Though no other group has won as much territory as the Brotherhood Alliance, several have applied significant pressure along other fronts, achieving notable progress.

On 7 March, the Kachin Independence Army (KIA) initiated a limited offensive outside its headquarters at Laiza City. The regime launched its own offensive in the area in July 2023.

The KIA likely aims to expel the regime from a network of hilltop artillery bases overlooking both Laiza and Highway 31, which links Bhamo to Myitkyina, the Kachin State capital.

Control here would also help strengthen the KIA’s lines of communication between Kachin and its operating areas in both Sagaing Region and northern Shan State.

KIA operational areas in 2023

As of 26 March, the KIA claimed it had captured numerous strategic positions, including several infantry battalion headquarters and the important bases of Bumre Bum, Hkaya Bum, and La Jar Yang.

The regime responded to the offensive with both air and artillery attacks on Laiza.

Given the regime’s weak position, further KIA gains can be expected. However, the presence of local Kachin militias fiercely opposed to the KIA could make it difficult for the group to fully control the highway and its surrounding areas.

In the southeast, combined units of PDF and Karen National Union (KNU) fighters have been attempting to seize Kawkareik since December. The town sits at a junction that is key for controlling the flow of goods between Myanmar and Thailand.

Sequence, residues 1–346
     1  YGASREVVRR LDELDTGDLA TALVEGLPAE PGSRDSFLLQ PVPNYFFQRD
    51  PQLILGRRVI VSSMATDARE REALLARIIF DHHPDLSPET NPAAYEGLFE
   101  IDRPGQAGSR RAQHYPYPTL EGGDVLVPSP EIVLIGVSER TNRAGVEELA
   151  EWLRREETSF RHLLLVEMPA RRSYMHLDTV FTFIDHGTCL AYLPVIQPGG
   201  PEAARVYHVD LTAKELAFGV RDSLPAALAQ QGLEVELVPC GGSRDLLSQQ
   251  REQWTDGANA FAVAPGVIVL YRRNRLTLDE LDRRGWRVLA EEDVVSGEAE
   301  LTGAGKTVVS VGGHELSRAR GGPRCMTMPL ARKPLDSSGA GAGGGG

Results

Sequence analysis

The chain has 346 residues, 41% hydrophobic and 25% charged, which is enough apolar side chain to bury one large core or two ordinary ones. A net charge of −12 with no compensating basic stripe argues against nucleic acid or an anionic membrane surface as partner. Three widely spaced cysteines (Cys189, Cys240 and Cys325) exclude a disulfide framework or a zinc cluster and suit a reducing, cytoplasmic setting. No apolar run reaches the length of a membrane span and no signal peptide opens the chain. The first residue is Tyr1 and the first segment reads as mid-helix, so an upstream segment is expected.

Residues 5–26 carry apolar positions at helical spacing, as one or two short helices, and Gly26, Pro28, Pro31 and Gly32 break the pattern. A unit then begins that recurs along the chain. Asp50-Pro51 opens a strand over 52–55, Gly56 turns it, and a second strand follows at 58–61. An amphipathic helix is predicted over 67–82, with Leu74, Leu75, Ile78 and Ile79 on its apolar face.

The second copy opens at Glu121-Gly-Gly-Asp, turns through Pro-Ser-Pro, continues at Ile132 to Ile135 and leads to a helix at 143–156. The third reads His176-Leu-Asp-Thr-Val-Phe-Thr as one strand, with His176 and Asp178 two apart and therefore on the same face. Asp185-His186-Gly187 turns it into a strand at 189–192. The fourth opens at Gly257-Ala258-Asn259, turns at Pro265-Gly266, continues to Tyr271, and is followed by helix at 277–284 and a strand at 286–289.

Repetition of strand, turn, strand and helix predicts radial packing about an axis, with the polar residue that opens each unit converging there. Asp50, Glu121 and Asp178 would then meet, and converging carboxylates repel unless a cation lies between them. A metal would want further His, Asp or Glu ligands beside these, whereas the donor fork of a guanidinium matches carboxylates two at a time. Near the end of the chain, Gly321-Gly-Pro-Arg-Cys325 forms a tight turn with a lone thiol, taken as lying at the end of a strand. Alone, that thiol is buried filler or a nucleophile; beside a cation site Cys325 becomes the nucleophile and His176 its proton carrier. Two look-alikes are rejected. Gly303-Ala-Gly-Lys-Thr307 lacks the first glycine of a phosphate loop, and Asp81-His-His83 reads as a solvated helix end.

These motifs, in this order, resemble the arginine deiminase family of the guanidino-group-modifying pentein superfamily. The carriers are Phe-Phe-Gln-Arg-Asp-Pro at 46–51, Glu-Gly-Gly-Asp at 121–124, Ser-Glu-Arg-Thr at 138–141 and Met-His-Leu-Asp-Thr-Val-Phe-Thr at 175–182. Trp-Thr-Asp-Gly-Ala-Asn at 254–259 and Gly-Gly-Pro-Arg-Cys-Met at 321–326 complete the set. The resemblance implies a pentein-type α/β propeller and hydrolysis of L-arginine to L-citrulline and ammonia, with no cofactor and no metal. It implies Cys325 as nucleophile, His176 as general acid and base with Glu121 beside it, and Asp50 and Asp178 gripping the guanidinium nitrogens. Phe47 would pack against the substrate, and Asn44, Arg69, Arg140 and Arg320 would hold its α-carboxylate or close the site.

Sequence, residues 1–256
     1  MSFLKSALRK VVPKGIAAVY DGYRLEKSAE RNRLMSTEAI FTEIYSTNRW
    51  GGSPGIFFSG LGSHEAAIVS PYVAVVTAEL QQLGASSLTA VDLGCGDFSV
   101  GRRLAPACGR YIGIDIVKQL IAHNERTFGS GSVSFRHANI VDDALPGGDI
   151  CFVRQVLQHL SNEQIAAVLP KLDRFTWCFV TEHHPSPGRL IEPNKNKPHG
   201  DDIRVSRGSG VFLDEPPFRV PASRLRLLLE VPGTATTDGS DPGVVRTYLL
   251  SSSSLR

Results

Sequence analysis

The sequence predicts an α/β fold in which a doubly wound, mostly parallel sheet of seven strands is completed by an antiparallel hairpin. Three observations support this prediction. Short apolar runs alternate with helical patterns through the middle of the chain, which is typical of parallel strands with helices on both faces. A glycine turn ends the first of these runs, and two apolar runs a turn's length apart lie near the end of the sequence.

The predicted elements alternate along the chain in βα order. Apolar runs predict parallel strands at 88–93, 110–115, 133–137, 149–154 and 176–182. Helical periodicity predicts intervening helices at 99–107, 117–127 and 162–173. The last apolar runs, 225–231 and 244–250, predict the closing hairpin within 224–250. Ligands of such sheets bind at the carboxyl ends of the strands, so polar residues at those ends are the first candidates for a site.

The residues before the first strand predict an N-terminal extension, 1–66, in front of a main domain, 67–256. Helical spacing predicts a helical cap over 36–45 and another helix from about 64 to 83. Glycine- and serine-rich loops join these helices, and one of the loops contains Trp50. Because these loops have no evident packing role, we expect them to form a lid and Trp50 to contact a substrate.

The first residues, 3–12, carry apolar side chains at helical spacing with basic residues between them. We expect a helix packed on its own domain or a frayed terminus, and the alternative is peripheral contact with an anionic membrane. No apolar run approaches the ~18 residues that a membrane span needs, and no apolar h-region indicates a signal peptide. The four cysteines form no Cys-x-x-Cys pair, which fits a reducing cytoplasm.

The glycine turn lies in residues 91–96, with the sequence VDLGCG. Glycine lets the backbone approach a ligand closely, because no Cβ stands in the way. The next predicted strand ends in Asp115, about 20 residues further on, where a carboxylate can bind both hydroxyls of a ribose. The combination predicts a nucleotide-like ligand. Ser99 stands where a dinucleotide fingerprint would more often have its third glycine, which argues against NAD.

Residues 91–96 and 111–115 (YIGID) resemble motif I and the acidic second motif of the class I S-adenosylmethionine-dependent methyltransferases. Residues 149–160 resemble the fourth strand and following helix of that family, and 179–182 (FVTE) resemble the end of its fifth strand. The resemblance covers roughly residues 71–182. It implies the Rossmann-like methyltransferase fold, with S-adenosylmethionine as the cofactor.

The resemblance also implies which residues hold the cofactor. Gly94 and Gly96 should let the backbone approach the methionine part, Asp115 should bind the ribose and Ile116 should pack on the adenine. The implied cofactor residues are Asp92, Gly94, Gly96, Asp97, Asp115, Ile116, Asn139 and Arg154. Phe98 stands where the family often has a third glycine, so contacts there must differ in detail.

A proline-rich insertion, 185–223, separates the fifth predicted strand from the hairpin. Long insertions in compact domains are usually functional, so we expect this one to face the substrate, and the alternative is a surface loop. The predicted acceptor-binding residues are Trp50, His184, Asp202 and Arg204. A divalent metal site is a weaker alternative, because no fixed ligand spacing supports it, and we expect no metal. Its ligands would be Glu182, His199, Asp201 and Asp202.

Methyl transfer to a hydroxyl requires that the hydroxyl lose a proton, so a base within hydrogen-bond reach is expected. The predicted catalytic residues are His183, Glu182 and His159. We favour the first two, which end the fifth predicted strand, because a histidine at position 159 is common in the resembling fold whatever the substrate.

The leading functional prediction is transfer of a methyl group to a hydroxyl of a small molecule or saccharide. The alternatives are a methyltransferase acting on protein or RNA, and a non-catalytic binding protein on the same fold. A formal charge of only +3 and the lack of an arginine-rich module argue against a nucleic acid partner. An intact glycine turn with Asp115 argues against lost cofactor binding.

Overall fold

On 7 March, coalition forces began an assault on the headquarters of three light-infantry battalions guarding the Asian Highway 1 between Myawaddy and Kawkareik. The attackers captured one base but were seemingly repelled from the other two.

Fighting along the highway has displaced thousands and led to regular disruptions in trade. The situation remains fluid.

On 13 February, the regime recaptured Kawlin, the first town claimed by the National Unity Government (NUG) and PDF following Operation 1027. Large portions of the town, which is now deserted, were destroyed by regime air and artillery strikes.

The regime has also recontested other NUG-claimed towns in Sagaing Region, like Khampat and Shwe Pyi Aye, preventing a return to normalcy for civilians.

On 2 March, up to 30 PDF battalions launched a major assault on the town of Kani, Sagaing. The attackers were forced back by air and artillery strikes. The regime retains control of the heavily damaged town.